Regulation Committee attempts to close EMT reciprocity loophole
LAWRENCEBURG — The Regulation Committee of the Kentucky Board of EMS attempted today to close a loophole that allows registered nurses to gain their EMT-Basic national registration and state certification by simply completing a 24-hour EMT-Basic Refresher Course.
According to comments made by various people attending a scheduled committee meeting today in Lawrenceburg, 16 registered nurses who work for a Kentucky-based air medical program recently completed a 24-hour EMT-Basic Refresher Course and state skills testing and earned their National Registry of Emergency Medical Technicians EMT-Basic. Then, using their NREMT registration, were able to earn their Kentucky certification.
Prior to the meeting, a search of NREMT's Internet site revealed no provisions for such a "challenge."
According the the NREMT's application for EMT-B registration, the "Applicant must have completed an approved EMT-Basic Training Program that equals or exceeds the objectives of the National Standard Curriculum." Applicants must attach a copy of their course completion certificate or a copy of a current EMT-B card. Classroom hours must also be documented on the application.
The application also states that one of the entry requirements is "Successful completion of a state-approved EMT-Basic training program within the past 24 months, that equals or exceeds the behavioral objectives of the EMT-Basic National Standard Curriculum as developed and promulgated by the U.S. Department of Transportation."
Another entry requirement printed on the application reads: "If the candidate's initial EMT-Basic training completion date is beyond 24 months and the candidate has maintained state certification as an EMT-Basic, the candidate must document completion of 24 hours of state-approved EMT-Basic refresher training that meets all the objectives of the current EMT-Basic National Standard Refresher Curriculum."
There are two curriculums published by the U.S. Department of Transportation that relate to EMT-Basic training. One is the EMT-Basic National Standard Curriculum, which includes all of the education components for training an EMT-Basic. The second curriculum, the EMT-Basic National Standard Refresher Curriculum, does not cover all of the educational components from the first curriculum.
Kentucky does not approve refresher courses.
When Brian Bishop, the executive director for KBEMS, was shown the printed NREMT requirements for EMT-Basic registration, he said that there was another checklist for registered nurses who challenge the training. Bishop explained that he had to comply with the NREMT regulations and state law.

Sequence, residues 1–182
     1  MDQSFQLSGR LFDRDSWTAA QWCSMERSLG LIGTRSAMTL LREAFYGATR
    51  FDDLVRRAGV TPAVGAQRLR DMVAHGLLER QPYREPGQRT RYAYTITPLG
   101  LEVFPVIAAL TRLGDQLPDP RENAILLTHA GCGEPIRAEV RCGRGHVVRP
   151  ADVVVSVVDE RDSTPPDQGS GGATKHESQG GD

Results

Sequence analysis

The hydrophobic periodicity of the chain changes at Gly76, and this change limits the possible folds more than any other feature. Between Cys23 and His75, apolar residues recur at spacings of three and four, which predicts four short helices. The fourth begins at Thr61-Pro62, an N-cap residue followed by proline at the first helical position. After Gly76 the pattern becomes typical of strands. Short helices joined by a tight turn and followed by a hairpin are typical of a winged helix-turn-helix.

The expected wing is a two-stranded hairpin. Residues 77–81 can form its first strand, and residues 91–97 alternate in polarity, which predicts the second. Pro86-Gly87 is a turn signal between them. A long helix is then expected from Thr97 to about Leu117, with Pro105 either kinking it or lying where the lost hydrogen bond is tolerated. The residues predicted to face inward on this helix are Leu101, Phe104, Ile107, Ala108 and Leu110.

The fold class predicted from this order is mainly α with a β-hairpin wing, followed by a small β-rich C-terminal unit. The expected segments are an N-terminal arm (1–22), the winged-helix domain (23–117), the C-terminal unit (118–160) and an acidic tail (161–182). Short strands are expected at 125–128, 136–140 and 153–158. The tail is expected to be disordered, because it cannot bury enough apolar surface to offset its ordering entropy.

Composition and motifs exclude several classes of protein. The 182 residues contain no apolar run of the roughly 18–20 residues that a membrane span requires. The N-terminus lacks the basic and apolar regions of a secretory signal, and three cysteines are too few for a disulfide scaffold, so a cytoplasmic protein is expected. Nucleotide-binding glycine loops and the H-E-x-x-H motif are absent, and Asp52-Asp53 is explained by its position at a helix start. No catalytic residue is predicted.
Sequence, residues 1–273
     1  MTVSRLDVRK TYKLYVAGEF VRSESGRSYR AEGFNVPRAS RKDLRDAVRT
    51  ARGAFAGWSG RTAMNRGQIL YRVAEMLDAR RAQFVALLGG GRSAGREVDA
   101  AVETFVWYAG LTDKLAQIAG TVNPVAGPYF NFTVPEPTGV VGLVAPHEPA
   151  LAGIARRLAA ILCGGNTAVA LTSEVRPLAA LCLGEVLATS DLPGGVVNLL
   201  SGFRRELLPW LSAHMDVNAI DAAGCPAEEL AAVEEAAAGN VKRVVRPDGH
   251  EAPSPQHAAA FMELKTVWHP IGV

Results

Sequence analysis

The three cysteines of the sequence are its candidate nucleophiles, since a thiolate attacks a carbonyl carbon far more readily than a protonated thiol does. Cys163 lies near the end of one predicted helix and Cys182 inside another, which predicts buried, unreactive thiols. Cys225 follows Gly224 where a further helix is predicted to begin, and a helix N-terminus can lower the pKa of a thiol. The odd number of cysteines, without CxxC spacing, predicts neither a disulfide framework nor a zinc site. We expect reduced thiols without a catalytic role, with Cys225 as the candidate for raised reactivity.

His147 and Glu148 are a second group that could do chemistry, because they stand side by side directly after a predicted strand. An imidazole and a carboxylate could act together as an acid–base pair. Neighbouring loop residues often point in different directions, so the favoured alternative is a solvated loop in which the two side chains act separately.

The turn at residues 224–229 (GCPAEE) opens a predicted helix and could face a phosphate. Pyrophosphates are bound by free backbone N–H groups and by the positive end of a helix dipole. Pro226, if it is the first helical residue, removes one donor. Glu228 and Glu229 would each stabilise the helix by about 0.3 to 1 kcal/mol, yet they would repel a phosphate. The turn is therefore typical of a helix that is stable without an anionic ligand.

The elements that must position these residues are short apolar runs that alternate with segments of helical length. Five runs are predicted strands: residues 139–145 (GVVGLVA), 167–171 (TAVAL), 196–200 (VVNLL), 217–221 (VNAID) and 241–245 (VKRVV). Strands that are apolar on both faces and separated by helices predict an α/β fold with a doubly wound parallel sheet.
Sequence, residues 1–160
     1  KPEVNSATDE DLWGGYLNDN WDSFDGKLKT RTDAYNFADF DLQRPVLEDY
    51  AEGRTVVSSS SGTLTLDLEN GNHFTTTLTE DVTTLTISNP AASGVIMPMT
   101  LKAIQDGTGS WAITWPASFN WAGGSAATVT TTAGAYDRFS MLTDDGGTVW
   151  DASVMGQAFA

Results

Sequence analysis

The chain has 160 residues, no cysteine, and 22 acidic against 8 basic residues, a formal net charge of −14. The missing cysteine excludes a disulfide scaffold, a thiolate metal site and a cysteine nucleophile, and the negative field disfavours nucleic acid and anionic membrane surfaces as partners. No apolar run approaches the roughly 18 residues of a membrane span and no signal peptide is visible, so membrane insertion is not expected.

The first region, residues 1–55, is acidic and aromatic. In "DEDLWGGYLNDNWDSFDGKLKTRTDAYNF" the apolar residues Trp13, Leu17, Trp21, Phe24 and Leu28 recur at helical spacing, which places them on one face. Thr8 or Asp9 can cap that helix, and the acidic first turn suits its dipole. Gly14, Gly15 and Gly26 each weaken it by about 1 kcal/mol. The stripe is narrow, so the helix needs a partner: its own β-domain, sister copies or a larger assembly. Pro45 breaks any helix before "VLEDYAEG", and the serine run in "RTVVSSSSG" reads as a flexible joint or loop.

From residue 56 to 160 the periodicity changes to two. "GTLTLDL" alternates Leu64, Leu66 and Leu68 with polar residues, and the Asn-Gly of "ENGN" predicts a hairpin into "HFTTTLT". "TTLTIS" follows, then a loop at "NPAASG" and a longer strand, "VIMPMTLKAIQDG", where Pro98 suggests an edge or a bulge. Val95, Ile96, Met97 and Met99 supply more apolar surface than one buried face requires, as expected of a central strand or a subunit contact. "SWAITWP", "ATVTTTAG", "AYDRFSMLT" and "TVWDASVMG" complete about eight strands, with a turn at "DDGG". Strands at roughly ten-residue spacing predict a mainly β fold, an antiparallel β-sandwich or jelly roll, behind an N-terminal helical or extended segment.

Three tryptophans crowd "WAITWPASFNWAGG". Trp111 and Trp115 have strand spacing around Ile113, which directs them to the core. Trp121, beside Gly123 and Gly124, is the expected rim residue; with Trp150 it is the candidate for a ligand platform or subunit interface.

The person who answered the phone in NREMT's Columbus, Ohio, office today said that the person who could answer questions on this matter was not in the office.
Theresa Martin, president of the Kentucky EMT Instructors Association, said "Skills taught in an EMT class are vastly different from those taught in the nursing curriculum, such as long board, KED, and Hare traction splint. There is no problem with nurses being EMTs as long as they have completed the 120 hour EMT class. These are two vastly different educational tracks, performing and applying different skills and knowledge to advance patient care."
Martin is also a registered nurse.
It is unsure whether a registered nurse who is also an EMT-Basic could use the same technique to acquire paramedic licensure by completing a paramedic refresher training course.
To close the loophole, the regulations committee approved language for EMT-First Responder, EMT-Basic, and EMT-Paramedic regulations that requires reciprocity applicants to take a complete training course.
"We'll fix it and move on," said James Ritchey, chairman of the committee.
The committee also took action on the following draft regulations:
KBEMS board member John Blumenstock, who represents air ambulance programs, presented a proposed regulation that has been agreed to by all Kentucky air ambulance providers.
The regulations addressing discipline and complaints, and grants, had already been approved by the board during their September meeting and have already entered the regulatory process with the state.
By adopting these regulations today, the committee has agreed to forward the adopted regulations to the full board for consideration. The board is not obligated to follow any of the committee's recommendations and could approve all or none, including the regulations that the committee did not adopt today because Anthony Stratton, board chairman, plans to call all of the draft regulations at the board meeting.
Today's meeting was the fifth in a series of six meetings held throughout the state, including Benton, Glasgow, Paintsville, and Frankfort. A final meeting is scheduled next Thursday, Oct. 24, from 6:00 p.m. until 8:00 p.m. in the auditorium of the Ambulance Care Building next to University of Louisville Hospital.
Many in the audience were confused when the committee voted to adopt regulations before the last meeting. Ritchey explained, however, that public comments could still have an impact at the final meeting.
The committee will also meet on Nov. 6 at 8:30 a.m. in Frankfort, before the afternoon board meeting, to finalize their recommendations. The board, however, has asked to have the final recommendations 10-14 days prior to their meeting so that they can review them.
If any of the regulations are not adopted by the board, then the committee plans to meet on Nov. 14 and try to work out problems. If the board follows the committee recommendations, then fees, education, and medical director regulations would need further work.